How a Tiny, Invisible Virus has posed the biggest test for the Education Industry
Vasant Valley school, Delhi. Photo by: Yasir Iqbal
It has been around five months since 11th March 2020 when the World Health Organisation declared COVID-19 to be a pandemic, about six months since it was declared a public health emergency, and a little over nine months since the disease was first reported. This pandemic has, as we come to terms, the potential to change the entire world order. In various circles, this is already seen as a historical divide, BC (before Corona) and AC (after Corona).
Around the world, educational institutions at all levels have taken a serious hit in just a short span of time. The very nature of COVID-19 and how easily it spreads has forced all schools, colleges and universities to shut down for good. Early Childhood Centres, are amongst the worst hit as a consequence of the nation-wide lockdown implemented by the respective governments. Since, mid-March, all schools without exceptions have been shut: classes have been suspended, examinations and research work including all laboratory experiments have been postponed until further notice.
Students across the globe are left high and dry, facing an uncertain present and an even more uncertain future. Although the UGC (University Grants Commission) in India and various universities have quickly shifted to conducting classes and examinations online, its implementation in the country is far from ideal. Access to smartphones and the internet has grown rapidly but is still not sufficient to cover the massive no. of students residing across the country.
A teacher recording a lecture using her smartphone.
At the same time, it is important to not shy away from technology as it will play a crucial role, in not only delivering education in the present but also beyond just the foreseeable future. It is at this juncture that we must take a step back and look from a bird's eye view with regards to how imparting education through traditional methods can be restructured to a more hybrid format where technology is leveraged to not just compensate for the lack of personal touch but also to provide insights that can improve the education system as a whole on either end. How administrators and teachers respond to these difficult circumstances will decide the future for millions of students particularly the ones who are in the final stages of completing their respective courses or degrees.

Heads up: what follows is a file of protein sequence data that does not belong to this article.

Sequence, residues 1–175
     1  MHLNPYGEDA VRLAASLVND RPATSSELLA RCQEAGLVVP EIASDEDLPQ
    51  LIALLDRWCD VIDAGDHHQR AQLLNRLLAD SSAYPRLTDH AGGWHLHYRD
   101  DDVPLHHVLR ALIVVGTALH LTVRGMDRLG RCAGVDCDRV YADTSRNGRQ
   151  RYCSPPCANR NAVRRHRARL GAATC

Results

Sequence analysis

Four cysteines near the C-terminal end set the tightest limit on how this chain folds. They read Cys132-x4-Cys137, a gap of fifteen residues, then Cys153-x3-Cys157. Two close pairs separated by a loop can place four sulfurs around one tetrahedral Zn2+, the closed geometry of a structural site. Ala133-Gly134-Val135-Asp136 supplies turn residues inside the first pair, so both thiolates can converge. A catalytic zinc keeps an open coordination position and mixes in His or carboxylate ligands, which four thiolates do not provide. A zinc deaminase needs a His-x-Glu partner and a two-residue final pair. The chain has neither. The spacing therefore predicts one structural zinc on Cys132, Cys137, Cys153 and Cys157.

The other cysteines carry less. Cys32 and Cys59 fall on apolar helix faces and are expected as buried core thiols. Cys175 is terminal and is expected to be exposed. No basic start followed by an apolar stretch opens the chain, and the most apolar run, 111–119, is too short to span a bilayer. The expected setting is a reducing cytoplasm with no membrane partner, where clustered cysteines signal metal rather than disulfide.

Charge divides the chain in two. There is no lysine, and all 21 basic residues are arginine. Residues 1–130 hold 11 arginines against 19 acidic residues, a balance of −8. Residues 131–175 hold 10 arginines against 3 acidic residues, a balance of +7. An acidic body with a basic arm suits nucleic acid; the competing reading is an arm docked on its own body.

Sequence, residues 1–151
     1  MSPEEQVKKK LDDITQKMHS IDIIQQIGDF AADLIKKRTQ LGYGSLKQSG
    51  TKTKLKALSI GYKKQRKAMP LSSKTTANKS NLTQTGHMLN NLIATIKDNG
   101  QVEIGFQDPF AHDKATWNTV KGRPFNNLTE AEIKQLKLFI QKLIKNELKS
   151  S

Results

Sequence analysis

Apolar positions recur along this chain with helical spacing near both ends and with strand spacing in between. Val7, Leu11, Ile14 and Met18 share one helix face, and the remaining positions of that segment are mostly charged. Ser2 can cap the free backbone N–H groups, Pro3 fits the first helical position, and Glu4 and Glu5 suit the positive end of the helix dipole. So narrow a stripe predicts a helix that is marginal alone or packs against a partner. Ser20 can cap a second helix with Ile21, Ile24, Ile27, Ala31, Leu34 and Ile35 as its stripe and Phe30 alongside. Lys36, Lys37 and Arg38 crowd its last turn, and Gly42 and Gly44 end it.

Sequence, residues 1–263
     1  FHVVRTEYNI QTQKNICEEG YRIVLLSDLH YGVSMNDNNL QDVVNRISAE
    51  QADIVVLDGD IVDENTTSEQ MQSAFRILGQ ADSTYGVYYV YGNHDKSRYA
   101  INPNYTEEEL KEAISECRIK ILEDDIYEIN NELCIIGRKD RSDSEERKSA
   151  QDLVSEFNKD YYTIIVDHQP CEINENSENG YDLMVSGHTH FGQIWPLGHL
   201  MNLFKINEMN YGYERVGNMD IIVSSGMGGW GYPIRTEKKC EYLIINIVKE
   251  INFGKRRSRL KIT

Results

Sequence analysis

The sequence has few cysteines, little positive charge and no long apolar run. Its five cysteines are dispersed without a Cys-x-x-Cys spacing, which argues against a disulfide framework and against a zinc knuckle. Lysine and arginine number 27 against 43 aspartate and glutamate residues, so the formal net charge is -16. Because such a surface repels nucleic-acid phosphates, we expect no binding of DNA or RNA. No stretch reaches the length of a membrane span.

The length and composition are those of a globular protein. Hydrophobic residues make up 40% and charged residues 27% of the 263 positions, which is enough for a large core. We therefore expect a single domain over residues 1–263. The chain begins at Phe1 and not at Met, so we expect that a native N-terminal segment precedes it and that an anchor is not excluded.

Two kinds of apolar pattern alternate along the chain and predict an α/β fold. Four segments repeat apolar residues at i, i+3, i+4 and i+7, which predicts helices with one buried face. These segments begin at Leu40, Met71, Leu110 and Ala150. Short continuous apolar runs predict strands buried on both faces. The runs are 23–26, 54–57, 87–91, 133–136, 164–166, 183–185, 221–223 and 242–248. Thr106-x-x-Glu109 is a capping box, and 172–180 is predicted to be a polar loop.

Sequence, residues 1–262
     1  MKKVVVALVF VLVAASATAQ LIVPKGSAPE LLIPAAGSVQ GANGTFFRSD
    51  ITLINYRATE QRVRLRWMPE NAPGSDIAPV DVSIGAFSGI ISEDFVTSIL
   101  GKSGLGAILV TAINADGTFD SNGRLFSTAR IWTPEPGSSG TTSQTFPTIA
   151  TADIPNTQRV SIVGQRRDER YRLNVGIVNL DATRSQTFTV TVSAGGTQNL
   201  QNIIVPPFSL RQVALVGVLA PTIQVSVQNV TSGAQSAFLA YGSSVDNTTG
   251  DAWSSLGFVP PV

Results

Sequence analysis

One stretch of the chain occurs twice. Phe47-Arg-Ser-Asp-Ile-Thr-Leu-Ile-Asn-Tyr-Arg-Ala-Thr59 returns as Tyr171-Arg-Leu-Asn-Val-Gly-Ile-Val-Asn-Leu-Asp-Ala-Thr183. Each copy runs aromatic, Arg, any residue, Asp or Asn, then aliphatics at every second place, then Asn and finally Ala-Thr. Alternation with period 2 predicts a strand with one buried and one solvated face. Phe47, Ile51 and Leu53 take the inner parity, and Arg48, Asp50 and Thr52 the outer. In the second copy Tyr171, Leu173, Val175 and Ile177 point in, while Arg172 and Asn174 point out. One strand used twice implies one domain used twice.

Every discipline, however, will face a different challenge in the process of adapting to online learning. Courses which predominantly have had a laboratory component will need a redesign. Compared to urban students, the challenge to switch to online education will be the toughest for the students living in rural areas as the traditional methods of learning give way to new pedagogic techniques.
Compared to urban students, the challenge to switch to online education will be the toughest for the students living in rural areas as the traditional methods of learning give way to new pedagogic techniques.
According to a recent survey conducted by IIT Kanpur, 9.3 per cent of 2,789 students were not able to download material sent by the institution or study online. Only 34.1 per cent of them had internet connection good enough for streaming real-time lectures. Another survey conducted by LocalCircles among 25,000 respondents found that only 57 per cent of students had the required hardware — computer, router, and printer — at home to attend online classes.
Virtual reality: Jai kapoor engaged in an e-class. Photo by: Hardik Chhabra
It is premature to say how and when the schools will reopen and the adjust to the new demands in delivering lectures whilst maintaining safety protocols but the data so far is sketching a bleak picture for now. Online classes have been implemented by all sorts of institutions largely because there’s no alternative to keep the cash flow going, but the experience so far has been a mixed bag. From teachers not having adequate training and equipment to deliver online classes to students not necessarily having the required resources to access or attend the same.
The discussion, therefore, is intended to gather the experiences and to analyse the data about the present and the future of education with regards to ongoing COVID pandemic, from academicians and non-academics cutting across various disciplines and geographical boundaries.